FOOD ALLERGIES

Note:  The author has had no veterinary or medical training. She has merely documented her experience with her dog's health problems. Be sure to check with your veterinarian before acting on any information you see here.

Call me crazy but I think feeding a beloved pet a diet of long-dead dry or canned food does your pet a disservice. Don't take my word for it. Check out Amie's Dog Food Links.

It just makes too much sense to me that different breeds would have different nutritional requirements. It seems like common sense that dogs need fresh vegetables. It is logical that dogs can also be allergic to artificial ingredients in commercial pet foods.

The list of all the food allergens reported in various books practically includes every common food. The foods most frequently mentioned that cause allergies are dairy products, beef, fish, lamb, chicken, wheat, corn, soy products, rice, eggs. Lesser named are carrots, celery, garlic salt, water, pork. Some estimate that over 30% of allergic reactions to food are not due to individual food items, but to the additives in commercial food preparations.

If I had it to do over again I would immediately start the step-by-step process of determining if there are food allergies. The Elimination Diet is served for a period of time and then gradually you introduce foods to test for an allergic reaction. It is certainly the least expensive path to determining food allergies, but the Elimination Diet takes time and discipline. In Amie's case, it is what saved her life. Even if you discover mange or a bacterial infection, do the Elimination Diet anyway to see if your pet is allergic to any of the food ingredients you've been feeding.

TREATMENT OPTIONS

Note:  The author has had no veterinary or medical training and is certainly not current about this specialty. She has merely documented her experience with her dog's health problems. Be sure to check with your veterinarian before acting on any information you see here. These notes are included so you can at least be aware of what some options are and become knowledgeable of what questions to ask your veterinarian.The following comes from books and Internet research.

Atopy - Inhalant Allergies
Inhalant allergies usually are due to mold, dust, ragweed. See Prednisone.

Bacterial Hypersensitivity
Treat with antibiotics. Some sources recommend immunotherapy.

Hot Spots
I used aloe gel on Amie's hot spots, but she licked it off.
Same for Scalpicin and golden seal root powder mixed in water.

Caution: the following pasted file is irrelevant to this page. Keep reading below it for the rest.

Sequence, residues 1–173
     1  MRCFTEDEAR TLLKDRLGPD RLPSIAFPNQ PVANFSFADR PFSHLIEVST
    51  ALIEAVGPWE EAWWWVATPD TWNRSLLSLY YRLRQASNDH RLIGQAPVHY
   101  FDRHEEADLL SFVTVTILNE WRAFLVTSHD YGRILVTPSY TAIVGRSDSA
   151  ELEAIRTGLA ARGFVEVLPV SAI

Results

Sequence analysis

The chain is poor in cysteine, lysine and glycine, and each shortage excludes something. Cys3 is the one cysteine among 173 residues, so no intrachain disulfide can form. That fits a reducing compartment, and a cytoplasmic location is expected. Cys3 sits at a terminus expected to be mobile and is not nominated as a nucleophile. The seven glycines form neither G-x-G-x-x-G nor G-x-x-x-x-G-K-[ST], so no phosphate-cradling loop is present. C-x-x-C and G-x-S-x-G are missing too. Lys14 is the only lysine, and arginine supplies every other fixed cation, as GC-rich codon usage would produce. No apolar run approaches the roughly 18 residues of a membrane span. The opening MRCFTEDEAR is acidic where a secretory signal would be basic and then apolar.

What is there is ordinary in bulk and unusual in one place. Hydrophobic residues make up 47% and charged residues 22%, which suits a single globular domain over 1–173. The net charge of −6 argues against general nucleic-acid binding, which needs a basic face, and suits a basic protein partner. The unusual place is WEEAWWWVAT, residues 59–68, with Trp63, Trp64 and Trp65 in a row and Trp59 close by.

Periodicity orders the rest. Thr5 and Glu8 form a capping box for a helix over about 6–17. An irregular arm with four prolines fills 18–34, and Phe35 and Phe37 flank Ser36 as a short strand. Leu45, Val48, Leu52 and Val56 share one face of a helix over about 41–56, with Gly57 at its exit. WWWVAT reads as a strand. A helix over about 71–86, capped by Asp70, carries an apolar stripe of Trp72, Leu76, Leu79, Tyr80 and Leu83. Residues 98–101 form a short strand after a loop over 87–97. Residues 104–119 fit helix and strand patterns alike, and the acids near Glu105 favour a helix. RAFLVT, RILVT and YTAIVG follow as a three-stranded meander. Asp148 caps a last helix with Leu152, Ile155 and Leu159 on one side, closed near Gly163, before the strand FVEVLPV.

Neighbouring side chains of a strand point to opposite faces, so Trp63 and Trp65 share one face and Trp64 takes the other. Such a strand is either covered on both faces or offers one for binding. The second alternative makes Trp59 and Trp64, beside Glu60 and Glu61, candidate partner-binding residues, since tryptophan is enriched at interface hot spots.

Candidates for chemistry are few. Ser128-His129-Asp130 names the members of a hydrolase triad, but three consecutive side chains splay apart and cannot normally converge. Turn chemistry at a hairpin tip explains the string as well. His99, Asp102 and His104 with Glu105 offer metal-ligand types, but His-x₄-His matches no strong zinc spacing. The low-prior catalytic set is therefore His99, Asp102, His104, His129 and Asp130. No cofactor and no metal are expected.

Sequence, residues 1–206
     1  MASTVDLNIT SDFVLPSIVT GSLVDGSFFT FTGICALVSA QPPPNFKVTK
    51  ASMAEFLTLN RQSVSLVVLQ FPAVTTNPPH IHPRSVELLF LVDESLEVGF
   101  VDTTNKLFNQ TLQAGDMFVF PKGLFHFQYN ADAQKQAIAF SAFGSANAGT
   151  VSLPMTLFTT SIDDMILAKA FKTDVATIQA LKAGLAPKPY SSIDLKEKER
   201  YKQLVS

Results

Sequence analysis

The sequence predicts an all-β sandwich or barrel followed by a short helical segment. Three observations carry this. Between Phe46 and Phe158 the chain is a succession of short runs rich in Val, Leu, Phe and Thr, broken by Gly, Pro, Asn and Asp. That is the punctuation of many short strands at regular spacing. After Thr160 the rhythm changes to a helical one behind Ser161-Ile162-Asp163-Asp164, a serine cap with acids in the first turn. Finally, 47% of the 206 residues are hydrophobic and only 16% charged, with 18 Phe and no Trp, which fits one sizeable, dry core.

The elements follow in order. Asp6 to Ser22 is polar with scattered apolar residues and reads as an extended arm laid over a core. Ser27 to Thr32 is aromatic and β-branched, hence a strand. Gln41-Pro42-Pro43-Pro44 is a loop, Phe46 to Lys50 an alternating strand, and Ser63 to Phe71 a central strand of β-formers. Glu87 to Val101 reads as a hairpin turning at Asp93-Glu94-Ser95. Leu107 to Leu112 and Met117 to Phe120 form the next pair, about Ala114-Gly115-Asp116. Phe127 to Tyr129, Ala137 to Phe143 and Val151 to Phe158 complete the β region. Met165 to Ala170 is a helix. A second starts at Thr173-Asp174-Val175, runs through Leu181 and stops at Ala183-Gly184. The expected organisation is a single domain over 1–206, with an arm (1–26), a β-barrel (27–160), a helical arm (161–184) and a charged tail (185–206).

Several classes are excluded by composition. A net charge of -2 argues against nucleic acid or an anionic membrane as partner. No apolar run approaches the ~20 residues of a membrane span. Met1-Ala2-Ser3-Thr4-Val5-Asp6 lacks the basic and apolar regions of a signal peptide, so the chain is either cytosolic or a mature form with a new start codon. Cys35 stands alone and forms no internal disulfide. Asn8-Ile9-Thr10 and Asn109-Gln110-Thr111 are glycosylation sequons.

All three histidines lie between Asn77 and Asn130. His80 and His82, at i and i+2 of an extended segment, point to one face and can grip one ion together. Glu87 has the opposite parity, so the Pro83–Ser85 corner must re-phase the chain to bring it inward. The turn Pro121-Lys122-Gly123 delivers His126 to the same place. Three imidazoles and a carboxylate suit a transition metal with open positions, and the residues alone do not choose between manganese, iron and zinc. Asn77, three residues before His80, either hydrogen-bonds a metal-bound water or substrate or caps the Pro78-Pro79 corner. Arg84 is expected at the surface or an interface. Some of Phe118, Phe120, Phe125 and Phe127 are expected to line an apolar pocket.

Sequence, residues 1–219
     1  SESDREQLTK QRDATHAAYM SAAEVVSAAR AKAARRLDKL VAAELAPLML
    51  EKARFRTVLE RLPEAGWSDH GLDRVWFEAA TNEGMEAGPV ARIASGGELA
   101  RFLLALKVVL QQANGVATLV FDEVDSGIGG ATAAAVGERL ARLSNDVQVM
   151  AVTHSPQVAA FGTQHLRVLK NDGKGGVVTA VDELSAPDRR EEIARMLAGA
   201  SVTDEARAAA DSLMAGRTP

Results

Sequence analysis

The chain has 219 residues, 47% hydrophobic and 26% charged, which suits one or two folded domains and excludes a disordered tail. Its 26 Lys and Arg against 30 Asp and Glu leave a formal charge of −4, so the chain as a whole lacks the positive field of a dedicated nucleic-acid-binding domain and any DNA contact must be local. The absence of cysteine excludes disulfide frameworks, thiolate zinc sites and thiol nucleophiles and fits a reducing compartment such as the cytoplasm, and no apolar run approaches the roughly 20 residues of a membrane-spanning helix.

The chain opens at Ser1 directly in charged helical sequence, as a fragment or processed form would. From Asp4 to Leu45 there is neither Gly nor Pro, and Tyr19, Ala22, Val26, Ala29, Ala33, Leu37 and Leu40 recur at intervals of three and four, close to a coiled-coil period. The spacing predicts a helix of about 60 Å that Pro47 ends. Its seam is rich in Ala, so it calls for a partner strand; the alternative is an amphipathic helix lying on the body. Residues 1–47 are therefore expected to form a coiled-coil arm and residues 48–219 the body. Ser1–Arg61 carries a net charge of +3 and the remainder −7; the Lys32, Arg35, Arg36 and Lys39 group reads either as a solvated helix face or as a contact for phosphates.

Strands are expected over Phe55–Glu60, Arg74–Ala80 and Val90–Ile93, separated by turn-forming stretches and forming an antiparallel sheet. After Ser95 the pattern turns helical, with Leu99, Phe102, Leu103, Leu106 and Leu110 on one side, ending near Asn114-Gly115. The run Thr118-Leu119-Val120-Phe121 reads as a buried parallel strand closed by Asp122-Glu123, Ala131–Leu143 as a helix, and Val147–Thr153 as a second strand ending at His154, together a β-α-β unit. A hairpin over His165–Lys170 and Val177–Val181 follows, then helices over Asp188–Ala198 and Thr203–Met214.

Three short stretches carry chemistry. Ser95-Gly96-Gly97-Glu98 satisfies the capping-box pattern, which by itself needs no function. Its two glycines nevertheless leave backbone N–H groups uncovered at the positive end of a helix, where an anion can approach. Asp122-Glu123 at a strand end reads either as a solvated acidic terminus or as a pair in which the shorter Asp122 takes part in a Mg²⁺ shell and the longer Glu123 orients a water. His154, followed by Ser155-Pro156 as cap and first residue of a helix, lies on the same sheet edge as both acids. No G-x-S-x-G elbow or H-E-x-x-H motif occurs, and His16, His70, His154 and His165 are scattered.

Tried hydrocortisone and triple antibiotic ointments - licked off, didn't help. Tree oil ointment burns like crazy at first but works really fast. Just make sure the dog doesn't lick it off or bite you when you put it on. I think tree oil would work better. I had a bad rash and tree oil made it worse. Aveeno has an anti-itch cream which worked great on myself.

Dry Coat
A vet I found on the Internet recommended marble-sized cubes of beef suet twice a day. Toxins are stored in fat so it didn't seem like a good idea to me, but what do I know? The first day she began feeling greasy and smelled like McDonald's. Within a few days it was obvious that this was no solution.

Immunotherapy
Otherwise called "allergy shots". They work about 75% of the time. It's a slow process, maybe taking a year before improvement is noticed. This can be costly. In my own human experience, I believe my shots made me even more sensitive. If your pet is taking pred, the testing won't work.

Antihistamines
Some sources recommended vitamin C as a natural antihistamine - bad for calcium oxalate kidney stones and I didn't notice a change. Some say vitamin C is toxic to dogs. Medicines work in maybe 1 out of 3 cases. They are relatively safe, but cause sedation. They are much safer than steroids.

Omega 3 and 6 Fatty Acids
These are natural anti-inflammatory agents. They may be helpful and have minimal, if any, side effects. They are derived from lineolenic acid and can be found in evening primrose oil, borage oil and fungal oil. I tried fish oils and supplements. Didn't notice a change.

Baths
Comb well before bathing. Be sure to use a dog shampoo because human shampoos have a pH too harsh for dogs' thin skin. I use Hy-Lyt brand. Rinse three times for every lathering and rinse once more than you think is necessary.

Don't use a vinegar or lemon juice rinse. I wouldn't use conditioners, either. The condition of the coat, like human hair, is more a function of body chemistry than the effect of the products you put on it. Pay dry, rather than rub and then blow dry on a medium heat setting.

When the skin is very inflamed, use Aveeno brand oatmeal shampoo. It's soothing. I've also used ground oatmeal mixed with arrowroot as a dry shampoo.

Infections
Once a dog has an allergic reaction, it is common to have a staph infection. Treat it or the condition can get worse.

Immune System
Since allergies are related to immune deficiencies it seems logical to find ways to boost the immune system. I would like to know what is appropriate for dogs. My friend's dog responded to homemade chicken soup and vegetables and I saw on TV some research showed immune deficiencies were bolstered by boiled chicken bone broth. Amie's custom recipe has turkey broth and vegetables.

Misc
Keep the dog's coat trimmed to 3/4 to 1 inch long. Short is best.

I tried the Tellington Touch but she's been untouchable for most of her life. Will try again.
 

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